From the foregoing, it is evident that the present invention provides a solution to the aforementioned problems associated with the prior art. The present invention provides a barrel which can be formed of aluminum due to its unique design and the manner of securing the propeller blades to the hub. The ability to form the barrel of aluminum significantly reduces the weight of the propeller assembly so as to prolong the life of the driving means. The unique securement arrangement of the present invention prevents distortion of the propeller blades at a level similar to that of a single unitary casted propeller assembly. The ability to extrude the present invention is advantageous from a manufacturers standpoint and allows for the formation of a more efficient exhaust conduit. Furthermore, the securement arrangement of the present invention, not only provides a strong structural connection, but also is easy to assemble and disassemble and is not as susceptible to corrosion or rusting.
The above described advantages of the present invention will become more apparent to those skilled in the art from consideration of the following detailed description of the invention and a study of the drawings in which:
FIG. 1 illustrates a partially cut away elevational view of the aft end of a preferred embodiment of the invention;
FIG. 2 shows an end view of the embodiment shown in FIG. 1 with the propeller assemblies removed;
FIG. 3 shows a sectional view taken along section line III--III in FIG. 1;
FIG. 4 shows a partially cut away view of the blade assembly shown in FIG. 1;
FIG. 5 illustrates a cross sectional view taken along section line V--V in FIG. 4;
FIG. 6A illustrates an end view of the locking member shown in FIG. 5;
FIG. 6B illustrates an end view of an alternate embodiment of the locking member;
FIG. 7 illustrates the present invention in position with respect to a boat.
FIG. 8 illustrates the pitch measurement for a particular propeller blade assembly;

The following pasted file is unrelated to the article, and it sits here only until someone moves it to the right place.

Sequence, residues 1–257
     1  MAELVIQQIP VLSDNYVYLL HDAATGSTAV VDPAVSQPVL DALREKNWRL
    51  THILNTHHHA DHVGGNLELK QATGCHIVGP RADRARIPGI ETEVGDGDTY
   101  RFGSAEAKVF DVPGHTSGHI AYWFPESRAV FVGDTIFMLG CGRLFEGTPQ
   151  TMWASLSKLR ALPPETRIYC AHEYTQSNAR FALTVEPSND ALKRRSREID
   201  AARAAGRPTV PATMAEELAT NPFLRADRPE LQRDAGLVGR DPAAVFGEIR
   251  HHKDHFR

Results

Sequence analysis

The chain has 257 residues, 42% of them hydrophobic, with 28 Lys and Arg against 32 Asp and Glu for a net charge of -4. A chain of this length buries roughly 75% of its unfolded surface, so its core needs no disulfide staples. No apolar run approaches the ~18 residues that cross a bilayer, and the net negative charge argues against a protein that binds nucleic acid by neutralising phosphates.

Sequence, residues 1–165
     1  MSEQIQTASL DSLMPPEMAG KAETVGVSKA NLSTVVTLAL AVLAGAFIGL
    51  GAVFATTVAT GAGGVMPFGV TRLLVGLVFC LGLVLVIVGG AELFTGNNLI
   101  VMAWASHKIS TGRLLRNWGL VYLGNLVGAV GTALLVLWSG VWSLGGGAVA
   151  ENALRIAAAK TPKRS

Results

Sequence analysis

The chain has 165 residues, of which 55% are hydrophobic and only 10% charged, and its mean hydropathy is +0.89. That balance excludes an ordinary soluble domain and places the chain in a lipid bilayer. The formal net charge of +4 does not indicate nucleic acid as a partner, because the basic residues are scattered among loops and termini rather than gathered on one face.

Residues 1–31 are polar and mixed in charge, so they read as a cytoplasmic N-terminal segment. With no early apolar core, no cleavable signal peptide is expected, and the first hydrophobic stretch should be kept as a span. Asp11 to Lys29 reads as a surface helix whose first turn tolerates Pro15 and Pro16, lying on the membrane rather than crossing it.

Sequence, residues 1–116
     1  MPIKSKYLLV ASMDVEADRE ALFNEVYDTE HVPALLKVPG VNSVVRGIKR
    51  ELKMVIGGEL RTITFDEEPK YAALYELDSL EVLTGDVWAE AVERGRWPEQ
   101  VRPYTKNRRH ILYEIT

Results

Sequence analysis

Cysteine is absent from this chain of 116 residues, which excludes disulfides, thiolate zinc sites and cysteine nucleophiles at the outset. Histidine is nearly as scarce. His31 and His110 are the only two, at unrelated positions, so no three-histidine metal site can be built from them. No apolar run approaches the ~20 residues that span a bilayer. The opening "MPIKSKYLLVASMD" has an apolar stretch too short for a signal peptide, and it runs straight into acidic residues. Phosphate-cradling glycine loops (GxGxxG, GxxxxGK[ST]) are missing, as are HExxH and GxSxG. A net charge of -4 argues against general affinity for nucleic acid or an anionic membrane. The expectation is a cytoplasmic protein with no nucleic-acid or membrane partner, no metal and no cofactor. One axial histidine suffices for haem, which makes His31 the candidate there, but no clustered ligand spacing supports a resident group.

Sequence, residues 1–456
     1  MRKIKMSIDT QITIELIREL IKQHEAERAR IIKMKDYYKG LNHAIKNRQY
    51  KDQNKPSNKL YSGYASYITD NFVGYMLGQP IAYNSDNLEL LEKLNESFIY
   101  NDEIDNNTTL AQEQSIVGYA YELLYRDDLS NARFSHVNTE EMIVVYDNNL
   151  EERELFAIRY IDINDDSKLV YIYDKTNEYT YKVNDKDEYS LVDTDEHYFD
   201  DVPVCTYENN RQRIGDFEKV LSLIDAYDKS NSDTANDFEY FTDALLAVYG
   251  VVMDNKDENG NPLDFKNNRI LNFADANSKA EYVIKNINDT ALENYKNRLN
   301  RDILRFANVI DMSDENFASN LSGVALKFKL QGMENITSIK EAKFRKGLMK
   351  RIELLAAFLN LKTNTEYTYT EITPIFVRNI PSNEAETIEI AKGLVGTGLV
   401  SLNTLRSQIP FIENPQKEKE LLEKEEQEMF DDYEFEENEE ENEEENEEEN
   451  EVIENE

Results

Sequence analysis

FIG. 9 illustrates an extrusion device suitable for carrying out the manufacturing process of the present invention;
FIG. 10 illustrates an alternate embodiment of the present invention formed, in part, by extrusion;
FIG. 11A shows a cross-sectional view of an alternate embodiment of the locking member in the present invention;
FIG. 11B shows a portion of FIG. 11A in greater detail as well as a tool which can be used to disengage the locking pin from engagement;
FIG. 12A illustrates a constant pitch right hand propeller blade;
FIG. 12B illustrates a progressive pitch right hand propeller blade;
FIG. 13A illustrates a right hand propeller blade with 0° rake;
FIG. 13B illustrates a right hand propeller blade with 15° rake;
FIG. 14A illustrates a preferred blade of the present invention having a left-hand constant pitch;
FIG. 14B illustrates a preferred blade of the present invention having a left hand progressive pitch.
FIG. 15 illustrates a preferred left-hand blade assembly of the present invention.
FIG. 7 illustrates propeller assembly 20 of the present invention in position on the drive shaft or drive spindle 22 of motor boat 24. As shown in FIG. 7, propeller assembly 20 accelerates water W to the rear of boat 24 causing boat 24 to move forward. Propeller assembly 20 is shown to include a plurality of propeller blades 26 attached to barrel 28. FIG. 7 also illustrates exhaust E being ejected from the rear of barrel 28 following passage through exhausts conduits formed in the barrel.
FIG. 1 illustrates an aft end view of propeller assembly 20. FIG. 1 illustrates blade assemblies 30 each comprising blade 26 having base 32 which includes flange extension 34. Blade assemblies 30 also each include dovetail shaped locking members 36. FIG. 1 further reveals at reference 38 flange extensions 34 with their side edges in abutting relationship.
FIG. 1 shows locking members 36 extending into slots 50 (FIG. 2) formed in barrel 28. Barrel 28 includes outer shell 40. Outer shell 40 of barrel 28 shares a common curvature with the curved flange extensions 34 and, when locking members 36 are snugly received within the complimentary shaped slots 50, the interior portion of each of flange extensions 34 is in abutting relationship with the exterior of barrel 28.